Sen. Christopher S. "Kit" Bond (R-Mo.) followed up on the GAO recommendation by asking for the same change in FTC policy, suggesting that it was hurting small or regional businesses that could benefit from the acquisition of a limited number of stores.
    KC's View:

    Published on: September 30, 2002

    The Seattle Times reports that after being locked out on Friday, dockworkers at 29 West Coast ports are expected to return to work today.

    The lockout was ordered by the Pacific Maritime Association, which represents employers at the ports, as a way of cooling off the situation after a negotiation period that was becoming protracted and unproductive. However, it was not expected by local analysts that the lockout would improve the situation, and concerns remain about the impact labor strife at the ports might have on imports and exports, as well as upcoming holiday season sales.
    KC's View:

    Published on: September 30, 2002

    Thanks to those of you who wrote in Friday to point out that we had the wrong link up for the HartBeat feature; accidentally, we never changed the link and kept sending people to a week-old column.

    The explanation is that we goofed. No excuses.

    But now we’ve fixed the link, so you can go to the HartBeat column about notes that because women not only make most purchases of and use most wellness products, they also drive the purchase and use of such products by the people around them. And they make their decisions often because changes in their life-stages…so for a retailer to understand how to market to women, especially in the wellness sector, it is important to know what these women are thinking, feeling, and doing.

    For more on this topic, go to:

    …or simply click on the HartBeat logo on the right hand side of the page.

    KC's View:

    Published on: September 30, 2002

    • Winn-Dixie Stores has hired Joel B. Barton to be its Charlotte division manager. Barton formerly was executive vice-president of merchandising and marketing, and president of retail stores, at Spartan Stores in Michigan.

    KC's View:

    Published on: September 30, 2002

    We got a lot of reaction to our commentary last week in which we expressed our opinion of a story in The Wall Street Journal about how it may be more expensive to eat at home than eat out. The WSJ reported that the yuppies who are taking up cooking tend to be using recipes that call for expensive mushrooms, gourmet olive oils, and pricey cuts of meat – all of which add up to do-it-yourself meal solutions that can be a problem for the bank account.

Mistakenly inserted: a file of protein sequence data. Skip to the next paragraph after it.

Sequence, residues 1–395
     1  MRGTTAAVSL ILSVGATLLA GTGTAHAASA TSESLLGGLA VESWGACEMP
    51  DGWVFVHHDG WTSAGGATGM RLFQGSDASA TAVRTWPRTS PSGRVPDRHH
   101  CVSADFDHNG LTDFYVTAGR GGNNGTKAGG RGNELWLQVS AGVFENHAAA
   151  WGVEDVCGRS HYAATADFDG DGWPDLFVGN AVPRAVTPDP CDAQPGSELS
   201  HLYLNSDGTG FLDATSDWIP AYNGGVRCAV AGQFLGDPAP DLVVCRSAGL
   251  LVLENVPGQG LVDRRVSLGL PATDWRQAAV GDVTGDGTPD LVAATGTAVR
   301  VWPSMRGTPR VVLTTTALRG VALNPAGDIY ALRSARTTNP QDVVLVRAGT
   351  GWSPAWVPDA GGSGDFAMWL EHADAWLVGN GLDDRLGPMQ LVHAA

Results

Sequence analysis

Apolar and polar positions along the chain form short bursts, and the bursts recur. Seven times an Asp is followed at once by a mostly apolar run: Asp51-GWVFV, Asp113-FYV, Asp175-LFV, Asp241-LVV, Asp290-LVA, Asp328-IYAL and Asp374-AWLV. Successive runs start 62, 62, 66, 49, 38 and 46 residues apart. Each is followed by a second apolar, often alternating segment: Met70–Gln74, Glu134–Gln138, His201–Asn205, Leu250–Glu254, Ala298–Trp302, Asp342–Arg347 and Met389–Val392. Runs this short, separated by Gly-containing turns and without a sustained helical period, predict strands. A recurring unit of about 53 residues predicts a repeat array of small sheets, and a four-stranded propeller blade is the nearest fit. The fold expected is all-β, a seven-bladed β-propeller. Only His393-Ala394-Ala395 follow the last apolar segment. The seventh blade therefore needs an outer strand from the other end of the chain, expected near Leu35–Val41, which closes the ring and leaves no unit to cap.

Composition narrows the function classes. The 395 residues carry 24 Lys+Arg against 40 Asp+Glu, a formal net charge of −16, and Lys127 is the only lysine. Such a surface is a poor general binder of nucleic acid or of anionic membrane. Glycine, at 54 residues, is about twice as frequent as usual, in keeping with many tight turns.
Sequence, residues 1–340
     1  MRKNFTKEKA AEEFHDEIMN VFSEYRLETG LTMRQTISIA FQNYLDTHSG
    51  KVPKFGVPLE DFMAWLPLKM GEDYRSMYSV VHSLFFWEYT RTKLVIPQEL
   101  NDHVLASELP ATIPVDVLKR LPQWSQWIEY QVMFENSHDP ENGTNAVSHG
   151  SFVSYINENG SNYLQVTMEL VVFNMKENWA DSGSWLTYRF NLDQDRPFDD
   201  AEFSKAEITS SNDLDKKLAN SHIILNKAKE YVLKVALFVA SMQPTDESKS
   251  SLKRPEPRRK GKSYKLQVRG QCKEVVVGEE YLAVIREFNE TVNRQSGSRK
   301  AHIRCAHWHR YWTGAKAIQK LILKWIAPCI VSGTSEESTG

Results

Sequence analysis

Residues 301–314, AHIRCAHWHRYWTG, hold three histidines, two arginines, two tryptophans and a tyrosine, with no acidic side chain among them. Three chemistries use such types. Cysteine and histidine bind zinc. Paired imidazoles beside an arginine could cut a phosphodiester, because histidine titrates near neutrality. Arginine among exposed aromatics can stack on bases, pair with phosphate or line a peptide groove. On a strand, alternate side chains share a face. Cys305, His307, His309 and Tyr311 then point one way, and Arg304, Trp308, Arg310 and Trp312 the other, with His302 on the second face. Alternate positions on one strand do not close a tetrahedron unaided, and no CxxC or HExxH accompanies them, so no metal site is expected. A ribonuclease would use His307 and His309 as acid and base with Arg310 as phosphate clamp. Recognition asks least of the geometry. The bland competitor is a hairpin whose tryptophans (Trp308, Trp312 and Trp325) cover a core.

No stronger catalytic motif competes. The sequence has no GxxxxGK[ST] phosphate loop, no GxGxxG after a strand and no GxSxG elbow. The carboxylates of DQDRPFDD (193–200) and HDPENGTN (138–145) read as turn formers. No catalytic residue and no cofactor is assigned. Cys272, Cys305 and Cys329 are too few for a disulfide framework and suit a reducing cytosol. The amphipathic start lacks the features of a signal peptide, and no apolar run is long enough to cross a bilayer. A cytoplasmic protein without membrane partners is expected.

We were more than a little annoyed by the story, because it was so limited in its scope (to the “damned yuppies”) and shortsighted in its views. Plenty of people are eating at home more because of the down economy, but are doing so by using consumer packaged goods that have been designed to help them feed themselves and their families economically. The beef or seafood that they are choosing isn’t necessarily coming from gourmet stores, but from traditional, mainstream supermarkets that survive on the notion that good food can be made available to virtually everyone at affordable prices. Putting supper on the table, for most people, isn’t the enormous production that the WSJ suggested…especially for the 85 percent of Americans that the Food Marketing Institute (FMI) reports ate home-cooked meals at home three or more times a week during the past year, compared to 74 percent a year earlier.

    One member of the MNB community wrote:

    “Damn Yuppies, huh? I agree with you wholeheartedly, Kevin. I'm 55 yrs old now, and I've cooked for myself, out of necessity, all my life. I'm one of those people who think about VALUE a lot. Eating out all the time isn't only boring, it's costly (I prefer that word to expensive), and the cost is not worth the benefit. There aren't a lot of really good, healthy, reasonably priced places to eat close to home, so I've chosen to prepare my own meals most of the time. Creatively, too, I might add. If you really listen to the good cooks on TV (PBS or HGTV), they'll all say at least something about simple, fresh ingredients. Never mind the Foie-gras, the Morels, or the Black Truffles. Yeah, you can bring out the big guns for something special like the holidays, but on a daily basis, cooking at home vs. visiting a dining establishment, just makes more sense. Somebody missed the mark in the WSJ article . . . perhaps the editors should look beyond the shores of Manhattan to the rest of the world. Maybe some people are whipping up something elaborate with ‘fabulous’ ingredients, but for the most part it's just what you said, ‘Getting dinner on the table.’ Aren't they paying attention to shopping trends? Why would there be so much interest in discount houses, fresh produce, quality & affordable meats, etc., if it weren't to fuel the interest in home cooking, AND at a price. People go to Sam's Club because you can get all the goodies at a low price. Well, maybe not Foie-gras, but you get the picture.”

    MNB user Dan Raftery of Prime Consulting wrote: